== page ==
But, oh, my how the circle has turned. Now, as we frolic in our bikinis on the Costa Rican beach, Rosa Marie gets the teasing. Despite her long daily runs, the girl has grown from berries to pomegranates while I’ve been in college. She has the body of a goddess. Narrow waist, stomach of steel, lean legs…and these breasts that cascade into perfect, perky cleavage. As a joke, she shot a model picture on the beach. Georgia hacked her phone and posted this:
The laughs. We even e-mailed it to our grandparents. After they heard about the 5.6 earthquake here a few days ago, my grandma responded, “Now I know what triggered the earthquake!”
My poor father. Hoffa is both dismayed and in awe.
“Mama, why did you let her get that top? Nothing is covered! It might as well be a bra.”
“I didn’t, David, she bought it herself.”
“What am I going to do, Hoffa?” RoRie pleads. “I can’t help it!”

Yet, as she moseys out of the clear ocean water, oblivious to all, he definitely checks out his own daughter. And, while the father in him wants all three of his daughters covered in nun habits, silently, I know the man in him approves.
As for me, every time I see her without a shirt on, I can’t help but burst into a giggle. She knows why.
“Jessica! It’s not that funny.”
“Oh, but it is, RoRie. Look who gets to say woogie woogie now.”
Then there are the hugs.
If you haven’t experienced a signature Compton hug before, hold your breath. That is my warning, meant to be taken quite literally. Upon first introduction to a stranger, normal people shake hands. We tend to hug. These are not limpy acknowledgements from the side of the waist, either. A Compton hug is a full, front on embrace, complete with smiley eyes, a joyful heart, and a much-too-tight squeeze.
Our hugs are a manifestation of the love we have for another. They are unadulterated, and they are plentiful. One early Costa Rica morning when everyone had arisen, as usual, by six a.m., Hoffa asked, “Has everyone hugged each other?”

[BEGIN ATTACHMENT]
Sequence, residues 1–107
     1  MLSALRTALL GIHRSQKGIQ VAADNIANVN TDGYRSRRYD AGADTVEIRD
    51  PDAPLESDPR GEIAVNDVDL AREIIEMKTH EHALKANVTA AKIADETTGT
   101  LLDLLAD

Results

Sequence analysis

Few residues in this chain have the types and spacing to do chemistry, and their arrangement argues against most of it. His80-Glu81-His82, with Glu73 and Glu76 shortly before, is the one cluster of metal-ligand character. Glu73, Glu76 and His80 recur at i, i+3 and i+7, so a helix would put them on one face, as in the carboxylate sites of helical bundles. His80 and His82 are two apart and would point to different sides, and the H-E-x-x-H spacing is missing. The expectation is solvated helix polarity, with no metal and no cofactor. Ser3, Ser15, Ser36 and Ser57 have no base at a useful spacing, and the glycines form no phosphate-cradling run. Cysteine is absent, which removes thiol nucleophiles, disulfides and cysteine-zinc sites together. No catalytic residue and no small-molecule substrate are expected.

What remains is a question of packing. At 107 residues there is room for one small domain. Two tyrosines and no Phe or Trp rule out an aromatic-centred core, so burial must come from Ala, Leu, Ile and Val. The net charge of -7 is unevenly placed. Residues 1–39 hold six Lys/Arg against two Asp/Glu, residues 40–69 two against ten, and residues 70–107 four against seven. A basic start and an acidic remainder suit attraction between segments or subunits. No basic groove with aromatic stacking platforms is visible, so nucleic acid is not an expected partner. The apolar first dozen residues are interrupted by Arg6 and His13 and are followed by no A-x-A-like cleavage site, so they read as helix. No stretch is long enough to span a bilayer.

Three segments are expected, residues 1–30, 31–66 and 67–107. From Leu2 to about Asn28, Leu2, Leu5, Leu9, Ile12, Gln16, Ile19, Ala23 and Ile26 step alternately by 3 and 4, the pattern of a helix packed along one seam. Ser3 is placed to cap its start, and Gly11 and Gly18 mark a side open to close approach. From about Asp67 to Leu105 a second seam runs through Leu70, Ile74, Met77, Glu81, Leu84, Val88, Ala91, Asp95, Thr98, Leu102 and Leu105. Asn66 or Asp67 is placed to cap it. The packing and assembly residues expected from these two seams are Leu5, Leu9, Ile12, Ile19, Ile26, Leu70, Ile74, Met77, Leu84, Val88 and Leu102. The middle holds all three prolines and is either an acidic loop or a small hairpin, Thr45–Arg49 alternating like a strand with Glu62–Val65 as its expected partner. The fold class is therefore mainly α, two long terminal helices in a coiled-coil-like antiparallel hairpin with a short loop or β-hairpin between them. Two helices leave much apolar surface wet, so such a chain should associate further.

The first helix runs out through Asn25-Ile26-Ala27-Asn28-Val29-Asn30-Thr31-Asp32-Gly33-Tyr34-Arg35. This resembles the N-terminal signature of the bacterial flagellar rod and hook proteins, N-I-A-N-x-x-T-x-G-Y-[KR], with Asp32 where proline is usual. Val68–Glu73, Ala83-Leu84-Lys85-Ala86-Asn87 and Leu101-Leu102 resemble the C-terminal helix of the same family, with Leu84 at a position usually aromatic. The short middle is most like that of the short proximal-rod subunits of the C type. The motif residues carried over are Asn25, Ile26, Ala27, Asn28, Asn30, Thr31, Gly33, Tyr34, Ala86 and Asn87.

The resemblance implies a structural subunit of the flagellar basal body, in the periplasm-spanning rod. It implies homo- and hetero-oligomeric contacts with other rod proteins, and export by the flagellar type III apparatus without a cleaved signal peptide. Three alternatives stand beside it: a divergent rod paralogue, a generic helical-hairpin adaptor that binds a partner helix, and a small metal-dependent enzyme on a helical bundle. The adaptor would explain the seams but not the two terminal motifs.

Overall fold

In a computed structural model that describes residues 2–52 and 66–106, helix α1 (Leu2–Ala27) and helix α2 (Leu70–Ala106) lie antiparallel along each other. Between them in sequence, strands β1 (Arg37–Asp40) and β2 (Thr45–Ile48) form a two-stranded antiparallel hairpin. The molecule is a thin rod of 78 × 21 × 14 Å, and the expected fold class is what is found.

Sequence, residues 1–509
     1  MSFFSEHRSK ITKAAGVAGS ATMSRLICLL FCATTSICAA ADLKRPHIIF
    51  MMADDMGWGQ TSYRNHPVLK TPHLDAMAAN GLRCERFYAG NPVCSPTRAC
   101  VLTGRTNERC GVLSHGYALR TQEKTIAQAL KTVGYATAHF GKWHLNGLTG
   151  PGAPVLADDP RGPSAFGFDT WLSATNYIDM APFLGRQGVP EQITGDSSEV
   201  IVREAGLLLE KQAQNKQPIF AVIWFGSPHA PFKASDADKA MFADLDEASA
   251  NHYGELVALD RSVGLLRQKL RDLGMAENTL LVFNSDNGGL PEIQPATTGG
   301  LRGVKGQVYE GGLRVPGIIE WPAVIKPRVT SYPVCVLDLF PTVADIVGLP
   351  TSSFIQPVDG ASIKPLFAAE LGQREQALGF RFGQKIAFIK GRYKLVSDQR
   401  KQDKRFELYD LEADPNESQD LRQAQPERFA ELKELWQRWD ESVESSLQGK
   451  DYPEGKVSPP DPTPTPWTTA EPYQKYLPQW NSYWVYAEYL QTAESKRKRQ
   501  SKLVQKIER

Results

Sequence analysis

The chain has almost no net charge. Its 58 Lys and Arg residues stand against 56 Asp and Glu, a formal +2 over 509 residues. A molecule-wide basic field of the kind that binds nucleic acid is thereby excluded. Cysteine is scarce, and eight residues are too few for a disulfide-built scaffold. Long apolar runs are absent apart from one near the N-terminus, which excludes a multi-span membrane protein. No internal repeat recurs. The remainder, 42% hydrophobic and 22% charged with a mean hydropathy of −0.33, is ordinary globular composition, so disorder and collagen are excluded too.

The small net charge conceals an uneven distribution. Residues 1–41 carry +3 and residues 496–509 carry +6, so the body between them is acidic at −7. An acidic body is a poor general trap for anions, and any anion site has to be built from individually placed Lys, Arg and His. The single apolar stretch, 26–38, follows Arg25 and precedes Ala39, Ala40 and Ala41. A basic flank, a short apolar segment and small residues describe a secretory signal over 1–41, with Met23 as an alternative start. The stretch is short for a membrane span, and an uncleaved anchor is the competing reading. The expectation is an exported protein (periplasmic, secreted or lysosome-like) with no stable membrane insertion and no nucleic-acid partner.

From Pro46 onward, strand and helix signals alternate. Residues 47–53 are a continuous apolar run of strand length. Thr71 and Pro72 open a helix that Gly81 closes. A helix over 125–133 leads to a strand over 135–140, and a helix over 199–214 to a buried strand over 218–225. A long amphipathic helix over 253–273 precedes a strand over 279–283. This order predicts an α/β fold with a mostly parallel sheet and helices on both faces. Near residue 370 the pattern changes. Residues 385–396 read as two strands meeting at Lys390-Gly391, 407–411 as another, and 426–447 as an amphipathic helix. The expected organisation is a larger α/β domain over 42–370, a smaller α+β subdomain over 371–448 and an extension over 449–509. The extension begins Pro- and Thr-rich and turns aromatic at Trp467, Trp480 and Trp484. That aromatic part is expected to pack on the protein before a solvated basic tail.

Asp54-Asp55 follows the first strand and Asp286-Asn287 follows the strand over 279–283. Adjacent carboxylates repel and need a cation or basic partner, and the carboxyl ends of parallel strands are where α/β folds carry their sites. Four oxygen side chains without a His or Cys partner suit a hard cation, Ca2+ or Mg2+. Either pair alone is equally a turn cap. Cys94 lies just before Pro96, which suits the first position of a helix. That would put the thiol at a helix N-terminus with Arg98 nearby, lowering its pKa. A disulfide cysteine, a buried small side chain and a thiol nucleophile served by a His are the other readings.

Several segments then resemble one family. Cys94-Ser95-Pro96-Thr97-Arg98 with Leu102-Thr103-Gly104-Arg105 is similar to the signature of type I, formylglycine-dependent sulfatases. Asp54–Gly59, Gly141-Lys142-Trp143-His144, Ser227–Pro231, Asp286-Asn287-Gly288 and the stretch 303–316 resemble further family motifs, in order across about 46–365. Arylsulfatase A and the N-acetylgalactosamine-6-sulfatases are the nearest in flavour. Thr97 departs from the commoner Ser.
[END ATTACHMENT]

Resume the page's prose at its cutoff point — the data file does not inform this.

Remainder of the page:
Now let me interject that though we frequently hug, it’s not part of the morning routine. But when Hoffa gets his mind fixed on what he thinks should happen, you can’t really disregard him; he’s a persistent (and, dare I say, persnickety?) old man. He then proceeded to individually interview members of the family and insist we all do so.
Apparently, these instances of adamancy are more frequent, and all of my siblings have become almost as easily put out as he. I, however, have been out of the house for two years. When he posed this question, I couldn’t help but smile. No other father forces his teenagers to hug each other. Yeah, it’s weird, but it’s pretty sweet, too.

While life is still like this in Charleston, our isolated time together in Costa Rica has allowed us to focus on each other even more. When I’m at school, I miss this so much – the harmless banter, the laughing, the weirdness, the true love of physical affection and verbal affirmation. We are a forward, innocent, and funny group. I love that boobs and hugs and underwear are normal parts of our lives. I even kind of love our almost total lack of privacy; there is not much left “personal” in our personal lives. There is unusual security in this kind of life, too. My family has me, and I have them. I know them deeply, and I trust them. These are the people with whom I seek counsel, I talk, I run, I snuggle, I hug. For most, these are the uncomfortable things, even with family. Don’t talk about boobs. Hugs are greetings after long separations. They’re wrong, though. In these things I have found the most comfort. It is the woogie woogies and the suffocating squeezes that assure me I am home.